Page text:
Researcher Professor Per Andren says the findings of this paper are expected to help develop new treatments for the ongoing Parkinson's disease, a key neurotransmitter The slow death of nerve cells with dopamine can lead to typical symptoms of the disease, such as stiffness and tremors, and treatment with the drug L-doba (a prelude to dopamine) initially works well, but after a few years, the effects of each dose become more short-lived.
patients also experience adverse side effects, such as the body's rapid alternating stiffness and uncontrolled movements, and these symptoms become more severe over time.
In the end, the therapeutic benefits of L-Doba are clearly affected, and patients' symptoms become weaker, and researchers do not yet know which neurochemical mechanisms cause these side effects, an involuntary movement collectively known as L-Dopa-induced dyskinesia.
: New Discovery! Diabetes drugs may slow the progression of Parkinson's disease! Doi:10.1523/ENEURO.0330-20.2020 In a recent study published in the international journal eneuro, scientists from the University of Warwick and others in the United Kingdom said that a drug to treat diabetes may help slow the progression of Parkinson's disease.
Parkinson's disease is marked by the degeneration of dopamine neurons in the brain, which play a key role in the movement and coordination of the body, and when these dopamine neurons deteriorate, they induce symptoms such as motor inability, slow movement, stiffness and numbness.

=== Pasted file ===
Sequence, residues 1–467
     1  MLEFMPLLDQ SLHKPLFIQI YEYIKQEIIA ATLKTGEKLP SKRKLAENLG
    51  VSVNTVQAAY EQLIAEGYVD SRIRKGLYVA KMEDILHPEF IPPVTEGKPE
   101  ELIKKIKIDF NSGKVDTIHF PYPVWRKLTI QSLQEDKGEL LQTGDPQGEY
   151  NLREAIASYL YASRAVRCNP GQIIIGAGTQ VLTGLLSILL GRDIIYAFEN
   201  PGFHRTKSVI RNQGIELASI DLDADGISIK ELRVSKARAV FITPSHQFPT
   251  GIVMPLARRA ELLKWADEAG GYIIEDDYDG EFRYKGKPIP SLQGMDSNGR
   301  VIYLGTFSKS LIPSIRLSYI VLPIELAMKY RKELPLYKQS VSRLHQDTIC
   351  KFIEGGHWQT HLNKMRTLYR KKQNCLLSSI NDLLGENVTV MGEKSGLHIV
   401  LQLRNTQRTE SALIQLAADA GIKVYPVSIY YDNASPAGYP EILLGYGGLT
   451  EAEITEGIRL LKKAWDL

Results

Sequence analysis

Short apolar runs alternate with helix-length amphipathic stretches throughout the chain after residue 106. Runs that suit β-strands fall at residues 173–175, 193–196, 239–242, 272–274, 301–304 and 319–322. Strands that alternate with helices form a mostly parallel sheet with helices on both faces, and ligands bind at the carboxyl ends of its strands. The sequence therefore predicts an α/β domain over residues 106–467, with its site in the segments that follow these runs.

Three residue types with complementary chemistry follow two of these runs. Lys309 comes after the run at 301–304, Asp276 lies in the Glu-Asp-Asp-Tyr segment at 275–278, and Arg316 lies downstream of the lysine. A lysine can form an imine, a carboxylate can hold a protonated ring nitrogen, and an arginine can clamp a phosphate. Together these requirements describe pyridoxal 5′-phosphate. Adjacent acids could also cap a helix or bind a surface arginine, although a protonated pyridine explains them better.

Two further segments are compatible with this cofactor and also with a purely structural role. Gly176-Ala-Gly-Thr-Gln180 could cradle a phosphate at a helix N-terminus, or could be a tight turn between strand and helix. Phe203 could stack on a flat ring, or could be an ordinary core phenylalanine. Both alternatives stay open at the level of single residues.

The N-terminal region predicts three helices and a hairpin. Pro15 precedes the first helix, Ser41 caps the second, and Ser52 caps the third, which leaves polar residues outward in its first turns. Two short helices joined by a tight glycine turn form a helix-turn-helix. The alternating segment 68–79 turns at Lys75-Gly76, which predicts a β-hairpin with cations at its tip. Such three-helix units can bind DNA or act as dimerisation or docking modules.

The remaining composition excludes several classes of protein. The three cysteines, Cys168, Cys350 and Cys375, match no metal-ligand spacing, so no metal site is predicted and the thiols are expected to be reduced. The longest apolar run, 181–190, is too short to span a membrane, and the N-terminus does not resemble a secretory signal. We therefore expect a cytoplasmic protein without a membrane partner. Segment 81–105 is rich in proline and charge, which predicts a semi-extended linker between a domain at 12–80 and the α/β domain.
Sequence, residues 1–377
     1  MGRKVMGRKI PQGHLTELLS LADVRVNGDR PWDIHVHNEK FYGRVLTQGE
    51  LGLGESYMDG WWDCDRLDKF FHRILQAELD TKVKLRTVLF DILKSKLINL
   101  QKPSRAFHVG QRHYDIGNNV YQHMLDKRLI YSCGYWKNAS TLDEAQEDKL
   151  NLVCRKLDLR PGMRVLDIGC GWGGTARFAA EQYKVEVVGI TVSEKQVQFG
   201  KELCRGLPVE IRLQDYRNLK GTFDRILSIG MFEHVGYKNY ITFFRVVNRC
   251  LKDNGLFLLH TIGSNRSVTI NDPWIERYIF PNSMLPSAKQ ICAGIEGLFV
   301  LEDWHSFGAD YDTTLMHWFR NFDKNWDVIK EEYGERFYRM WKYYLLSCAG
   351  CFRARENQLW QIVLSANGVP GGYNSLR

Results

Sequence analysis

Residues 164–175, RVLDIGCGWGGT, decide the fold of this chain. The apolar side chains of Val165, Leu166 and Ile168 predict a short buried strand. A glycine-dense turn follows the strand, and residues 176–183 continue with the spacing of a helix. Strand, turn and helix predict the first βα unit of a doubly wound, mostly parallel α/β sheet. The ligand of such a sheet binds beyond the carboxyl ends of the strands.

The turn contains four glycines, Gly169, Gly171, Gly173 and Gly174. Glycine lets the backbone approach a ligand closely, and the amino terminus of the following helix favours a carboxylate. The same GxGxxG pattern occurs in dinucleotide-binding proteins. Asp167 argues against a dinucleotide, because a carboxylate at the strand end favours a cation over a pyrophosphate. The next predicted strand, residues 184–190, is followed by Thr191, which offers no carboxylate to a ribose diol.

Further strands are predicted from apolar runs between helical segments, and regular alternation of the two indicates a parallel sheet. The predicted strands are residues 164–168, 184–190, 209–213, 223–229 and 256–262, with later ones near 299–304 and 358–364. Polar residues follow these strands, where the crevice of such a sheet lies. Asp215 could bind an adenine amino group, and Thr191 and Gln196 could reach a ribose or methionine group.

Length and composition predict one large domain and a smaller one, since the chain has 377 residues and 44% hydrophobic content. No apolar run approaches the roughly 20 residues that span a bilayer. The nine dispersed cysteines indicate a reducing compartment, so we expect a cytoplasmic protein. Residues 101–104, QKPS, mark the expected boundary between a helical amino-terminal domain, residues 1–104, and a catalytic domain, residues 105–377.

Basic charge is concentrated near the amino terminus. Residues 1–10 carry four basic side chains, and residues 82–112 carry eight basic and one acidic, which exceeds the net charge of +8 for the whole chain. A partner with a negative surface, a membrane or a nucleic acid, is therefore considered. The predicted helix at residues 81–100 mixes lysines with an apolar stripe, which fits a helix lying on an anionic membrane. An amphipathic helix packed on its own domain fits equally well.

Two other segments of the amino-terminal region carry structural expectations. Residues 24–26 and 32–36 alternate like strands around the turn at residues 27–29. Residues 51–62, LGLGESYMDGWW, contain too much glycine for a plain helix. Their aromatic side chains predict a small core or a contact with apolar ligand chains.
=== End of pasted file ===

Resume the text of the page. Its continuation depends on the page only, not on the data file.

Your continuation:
The affected dopamine-energy neurons accumulate a special protein called α synactin, which forms the structure of the Louis small body, where levels are directly related to the severity of the disease, and α synactal nucleoproteins in the early stages of aggregation produce a series of toxic effects that many event researchers do not know about.
in this study, entitled "Alpha-synuclein aggregates increased conductance of substantia nigra dopamine neurons, an effect partly reversed by the KATP channel resedor glibenclamide", the researchers found that by introducing a low-concentration structure-determined α synaptic nucleoprotein aggregate into a single dopamine-energy neuron, the cell membrane's channel is turned on, greatly reducing the neurotic membrane.
image Source: Wikipedia:6 Nature: Revealing the mechanism by which Hsp70 companion protein dissolves α-synaptic nuclear protein aggregates, promising to develop a new treatment for Parkinson's disease doi:10.1038/s41586-020-2904-6do i:10.1038/s41586-020-2906-4 In many neurodegenerative diseases such as Parkinson's disease, protein aggregates called amyloid fibril form in the brain and are thought to cause neuron cell death.
, neurons also have a cell defense mechanism that fights amyloid fibers and can even dissolve formed amyloid fibers.
this defense mechanism is based on the activity --- partner protein, the hot shock protein 70 family (Hsp70--- protein folding.
in two new studies, researchers from the German Cancer Research Centre and the University of Heidelberg studied how the Hsp70 system breaks down starchy fibers formed by Parkinson's disease-specific α-synaptic nucleoprotein (α-synuclein) in test tubes.